Wednesday, December 2, 2009

Austerlitz +204

Scenario set-up from Napoleon's Battles Module Two
copyright 1994, The Avalon Hill Game Co.

Despite the fact that a half-dozen or so of my favorite games are set in the Napoleonic era, I'm not really a Napoleonics fan. It's juts that the man is just about unavoidable if you're going to be an avid wargamer or serious student of history. He may have been a man of short stature, but he strides like a colossus through European History. Few individuals have had such an outsize influence in history that an entire era is named after them. His Maxims have been studied by aspiring generals since the 1820s and the attempt to understand and communicate his genius inspired two of the most influential treatises on military strategy ever written, The Art of War by Baron Antoine Henri de Jomini, and On War, by Carl von Clausewitz.

Napoleon personally commanded on at least 65 battlefields from Montenotte on Apr. 12, 1796 to Waterloo on June 18, 1815, but he reportedly considered the Battle of Austerlitz, fought on Dec. 2, 1805, as his masterpiece. It was definitely a battle won by superior generalship. Napoleon set a trap for his opponents and they walked right into it, allowing him to wreck a great army.

Yet it was not, despite its cleverness and lopsided casualty count, a decisive battle. As a matter of fact, Austerlitz merely inaugurated an intense period of fighting that lasted four more years and involved a dozen more battles including Jena, Eylau, Freidland, Aspern-Essling and Wagram.

And despite its lopsided outcome, that outcome was hardly a foregone conclusion. While the French Army was at its peak of effectiveness, having undergone intensive training for the planned invasion of Britain, was buoyed by a victory at Ulm and fresh from several years of peace, it was outnumbered by a substantial amount. And while the Allies were hobbled by antiquated organizations and a confused command structure, they had good troops on the field.

So the situation is perfect for a good wargame -- two evenly matched, but not identical, armies, facing each other on the field of battle.

Map detail from Austerlitz, Battle of Three Emperors
copyright 1973 Simulations Publications, Inc.

As I said, I'm not a big Napoleonics fan, despite appearances. There have been many good Austerlitz games published, but I only have a few. Austerlitz is a scenario in the Napoleon's Battles miniatures game system, but its not a scenario I've ever played. I have played the old SPI quad game Austerlitz -- Battle of Three Emperors, but that's merely because it's one of the games offered on The game is your typical quad game, which mean that it's not much of a simulation, really, but it is a pretty decent hex-and-counter wargame from that era. It's one of the more popular games offered on Hexwar and is reasonable well-balanced.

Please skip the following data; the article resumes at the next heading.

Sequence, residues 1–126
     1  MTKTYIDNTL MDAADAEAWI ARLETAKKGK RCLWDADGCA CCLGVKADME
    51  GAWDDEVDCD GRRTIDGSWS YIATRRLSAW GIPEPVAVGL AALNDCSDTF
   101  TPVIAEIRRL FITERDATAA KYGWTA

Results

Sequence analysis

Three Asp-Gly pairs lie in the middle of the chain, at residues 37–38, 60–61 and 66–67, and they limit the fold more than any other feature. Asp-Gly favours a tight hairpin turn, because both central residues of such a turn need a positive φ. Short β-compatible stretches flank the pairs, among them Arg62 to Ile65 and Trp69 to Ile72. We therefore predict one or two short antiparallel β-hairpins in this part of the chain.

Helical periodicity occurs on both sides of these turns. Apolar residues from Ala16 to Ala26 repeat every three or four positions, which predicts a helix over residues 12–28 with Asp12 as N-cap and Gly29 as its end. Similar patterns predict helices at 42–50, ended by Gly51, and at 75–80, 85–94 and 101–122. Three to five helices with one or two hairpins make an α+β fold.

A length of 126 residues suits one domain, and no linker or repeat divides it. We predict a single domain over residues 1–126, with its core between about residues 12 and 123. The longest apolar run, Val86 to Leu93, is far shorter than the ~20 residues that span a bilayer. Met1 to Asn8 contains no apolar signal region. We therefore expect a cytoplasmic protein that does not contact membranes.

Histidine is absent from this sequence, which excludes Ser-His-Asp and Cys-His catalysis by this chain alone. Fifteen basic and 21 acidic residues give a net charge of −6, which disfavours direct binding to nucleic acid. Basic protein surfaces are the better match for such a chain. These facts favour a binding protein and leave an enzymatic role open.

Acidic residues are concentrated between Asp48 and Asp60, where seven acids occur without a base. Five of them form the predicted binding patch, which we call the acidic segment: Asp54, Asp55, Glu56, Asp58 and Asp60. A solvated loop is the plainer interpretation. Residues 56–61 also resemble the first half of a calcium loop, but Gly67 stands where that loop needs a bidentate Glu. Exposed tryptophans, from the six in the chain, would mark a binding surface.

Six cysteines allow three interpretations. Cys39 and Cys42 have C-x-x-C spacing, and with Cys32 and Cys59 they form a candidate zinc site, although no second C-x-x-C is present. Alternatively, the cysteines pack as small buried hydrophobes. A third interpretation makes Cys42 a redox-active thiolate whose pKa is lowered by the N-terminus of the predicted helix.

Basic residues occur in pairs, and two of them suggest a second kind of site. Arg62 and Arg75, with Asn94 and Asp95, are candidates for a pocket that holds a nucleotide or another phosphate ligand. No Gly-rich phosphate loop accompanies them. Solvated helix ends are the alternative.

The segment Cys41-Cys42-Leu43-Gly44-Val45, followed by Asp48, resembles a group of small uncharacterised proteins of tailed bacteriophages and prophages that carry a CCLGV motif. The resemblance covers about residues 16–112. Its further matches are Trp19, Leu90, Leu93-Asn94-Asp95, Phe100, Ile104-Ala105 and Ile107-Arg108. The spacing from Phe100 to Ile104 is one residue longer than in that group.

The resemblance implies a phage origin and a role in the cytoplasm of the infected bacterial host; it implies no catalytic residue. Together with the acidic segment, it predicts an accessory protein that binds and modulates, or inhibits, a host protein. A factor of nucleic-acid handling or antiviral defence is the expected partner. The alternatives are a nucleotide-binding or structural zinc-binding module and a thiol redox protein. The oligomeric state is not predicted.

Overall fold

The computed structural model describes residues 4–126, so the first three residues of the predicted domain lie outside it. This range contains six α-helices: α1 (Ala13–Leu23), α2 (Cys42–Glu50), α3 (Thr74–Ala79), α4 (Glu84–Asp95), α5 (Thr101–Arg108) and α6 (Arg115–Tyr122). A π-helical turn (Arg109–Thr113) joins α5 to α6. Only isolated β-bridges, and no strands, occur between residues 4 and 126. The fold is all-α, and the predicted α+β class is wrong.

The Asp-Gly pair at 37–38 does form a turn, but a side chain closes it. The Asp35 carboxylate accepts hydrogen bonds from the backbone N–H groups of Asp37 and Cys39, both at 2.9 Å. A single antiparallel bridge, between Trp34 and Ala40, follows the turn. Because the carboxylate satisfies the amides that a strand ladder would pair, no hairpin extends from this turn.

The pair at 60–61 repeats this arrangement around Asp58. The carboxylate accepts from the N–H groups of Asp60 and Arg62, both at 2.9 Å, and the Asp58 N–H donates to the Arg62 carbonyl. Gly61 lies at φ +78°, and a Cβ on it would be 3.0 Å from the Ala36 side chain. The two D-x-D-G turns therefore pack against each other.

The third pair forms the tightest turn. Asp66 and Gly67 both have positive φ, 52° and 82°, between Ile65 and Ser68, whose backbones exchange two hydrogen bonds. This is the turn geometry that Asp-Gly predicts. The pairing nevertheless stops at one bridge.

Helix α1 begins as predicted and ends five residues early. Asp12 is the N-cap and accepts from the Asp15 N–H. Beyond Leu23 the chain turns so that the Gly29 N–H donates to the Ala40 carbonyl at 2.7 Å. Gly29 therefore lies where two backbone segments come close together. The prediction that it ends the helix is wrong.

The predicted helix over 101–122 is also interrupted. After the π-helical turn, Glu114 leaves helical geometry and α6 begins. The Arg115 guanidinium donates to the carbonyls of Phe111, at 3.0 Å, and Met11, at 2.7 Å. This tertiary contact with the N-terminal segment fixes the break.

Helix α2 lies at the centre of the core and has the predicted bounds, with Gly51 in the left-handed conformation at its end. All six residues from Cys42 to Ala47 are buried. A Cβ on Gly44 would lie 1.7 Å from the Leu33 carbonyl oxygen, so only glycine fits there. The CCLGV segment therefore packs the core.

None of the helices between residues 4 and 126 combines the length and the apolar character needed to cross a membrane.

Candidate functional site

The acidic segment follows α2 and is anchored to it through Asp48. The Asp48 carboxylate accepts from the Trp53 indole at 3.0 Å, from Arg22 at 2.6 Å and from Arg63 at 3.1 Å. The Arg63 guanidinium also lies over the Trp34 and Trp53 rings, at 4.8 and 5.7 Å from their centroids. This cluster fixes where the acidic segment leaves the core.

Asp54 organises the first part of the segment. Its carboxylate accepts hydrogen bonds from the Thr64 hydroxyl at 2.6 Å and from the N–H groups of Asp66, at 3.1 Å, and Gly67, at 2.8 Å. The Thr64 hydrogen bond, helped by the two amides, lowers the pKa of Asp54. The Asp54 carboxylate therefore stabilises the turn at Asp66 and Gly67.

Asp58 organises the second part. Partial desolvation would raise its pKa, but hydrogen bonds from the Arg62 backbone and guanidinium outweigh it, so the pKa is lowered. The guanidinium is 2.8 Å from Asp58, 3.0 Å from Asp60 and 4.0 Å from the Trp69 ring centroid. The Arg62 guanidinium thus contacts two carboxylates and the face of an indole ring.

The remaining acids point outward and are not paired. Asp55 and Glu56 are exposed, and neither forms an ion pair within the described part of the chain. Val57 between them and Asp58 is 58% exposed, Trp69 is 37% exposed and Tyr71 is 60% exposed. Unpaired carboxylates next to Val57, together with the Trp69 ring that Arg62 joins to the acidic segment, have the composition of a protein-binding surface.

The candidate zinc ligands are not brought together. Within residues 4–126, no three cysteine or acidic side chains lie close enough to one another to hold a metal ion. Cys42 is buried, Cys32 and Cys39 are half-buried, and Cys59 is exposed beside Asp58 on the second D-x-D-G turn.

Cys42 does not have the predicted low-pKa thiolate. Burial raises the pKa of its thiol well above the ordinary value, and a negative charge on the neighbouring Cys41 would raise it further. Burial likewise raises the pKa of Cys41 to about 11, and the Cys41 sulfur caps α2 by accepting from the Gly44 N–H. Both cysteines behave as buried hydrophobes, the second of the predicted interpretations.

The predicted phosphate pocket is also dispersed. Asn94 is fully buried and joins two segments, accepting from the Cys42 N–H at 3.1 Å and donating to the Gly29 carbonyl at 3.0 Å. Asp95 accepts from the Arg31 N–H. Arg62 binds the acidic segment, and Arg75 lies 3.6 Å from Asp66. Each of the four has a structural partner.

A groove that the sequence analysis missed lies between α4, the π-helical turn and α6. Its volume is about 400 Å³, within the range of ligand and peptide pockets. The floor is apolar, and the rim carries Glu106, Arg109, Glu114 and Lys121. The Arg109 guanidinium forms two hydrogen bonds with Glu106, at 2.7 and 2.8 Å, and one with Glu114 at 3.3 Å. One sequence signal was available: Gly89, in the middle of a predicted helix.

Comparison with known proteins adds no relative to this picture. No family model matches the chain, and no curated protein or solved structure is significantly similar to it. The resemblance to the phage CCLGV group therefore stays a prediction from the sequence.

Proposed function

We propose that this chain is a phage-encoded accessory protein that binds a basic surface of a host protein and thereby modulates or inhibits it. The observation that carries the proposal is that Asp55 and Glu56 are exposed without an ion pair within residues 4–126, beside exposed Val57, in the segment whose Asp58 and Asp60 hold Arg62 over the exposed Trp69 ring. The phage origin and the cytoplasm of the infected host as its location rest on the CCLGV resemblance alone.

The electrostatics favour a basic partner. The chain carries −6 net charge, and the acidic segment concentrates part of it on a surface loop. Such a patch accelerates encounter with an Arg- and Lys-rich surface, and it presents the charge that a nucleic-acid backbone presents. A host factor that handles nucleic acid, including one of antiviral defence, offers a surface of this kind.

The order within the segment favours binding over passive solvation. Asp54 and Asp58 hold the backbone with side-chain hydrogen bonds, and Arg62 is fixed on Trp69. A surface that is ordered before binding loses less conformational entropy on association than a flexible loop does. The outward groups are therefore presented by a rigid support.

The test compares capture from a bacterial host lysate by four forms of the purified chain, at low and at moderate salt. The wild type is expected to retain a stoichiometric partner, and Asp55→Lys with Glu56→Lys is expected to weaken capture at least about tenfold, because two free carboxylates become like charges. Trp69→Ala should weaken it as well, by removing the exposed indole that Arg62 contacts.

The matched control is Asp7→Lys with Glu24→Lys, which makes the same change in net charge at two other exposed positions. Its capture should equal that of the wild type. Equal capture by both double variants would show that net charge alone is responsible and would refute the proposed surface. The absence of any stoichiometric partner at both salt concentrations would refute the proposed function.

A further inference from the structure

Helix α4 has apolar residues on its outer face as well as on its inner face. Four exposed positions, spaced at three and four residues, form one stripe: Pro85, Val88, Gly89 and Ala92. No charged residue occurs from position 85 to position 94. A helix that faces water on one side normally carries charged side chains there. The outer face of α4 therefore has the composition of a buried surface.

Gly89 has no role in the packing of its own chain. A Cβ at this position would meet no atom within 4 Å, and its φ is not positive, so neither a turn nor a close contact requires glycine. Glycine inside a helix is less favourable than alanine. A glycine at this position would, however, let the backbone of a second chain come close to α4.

Map detail from Napoleon's Triumph
copyright 2006 Simmons Games

My third Austerlitz title is Napoleon's Triumph by Bowen Simmons, which I definitely bought based on the reputation of the designer. I was extremely impressed by his Bonaparte at Marengo game and I knew that the NT game system was inspired by the earlier game. It's not accurate to describe the two as being in the same system, as there are bigger differences between them than there are between, for example, the SPI quad games on Marengo and Austerlitz. It's an interesting bit of trivia that Marengo was the last battle Napoleon fought as General Bonaparte and Austerlitz was the first full-scale field battle he fought as Emperor-- and it was fought on the anniversary of his ascension to the throne.

Napoleon's Triumph is my current top wargame, even though I haven't played it anywhere near enough times to suit me. As important as I believe theme to be in wargames, I'm primarily a fan of NT for it's virtues as a game. A legitimate criticism of Bonaparte of Marengo is that it's a bit stereotyped in play and isn't good at replicating the historical battle. Napoleon's Triumph, on the other hand, manages to be much more free-wheeling while at the same time holding out the real possibility of replicating the general course of the battle.

It's also, of course, a handsomely produced game, but the best feature is the game play. Having the game has prompted me to look more closely at the Battle of Austerlitz, which I think is the hallmark of a good wargame -- it inspires a deeper appreciation of history.

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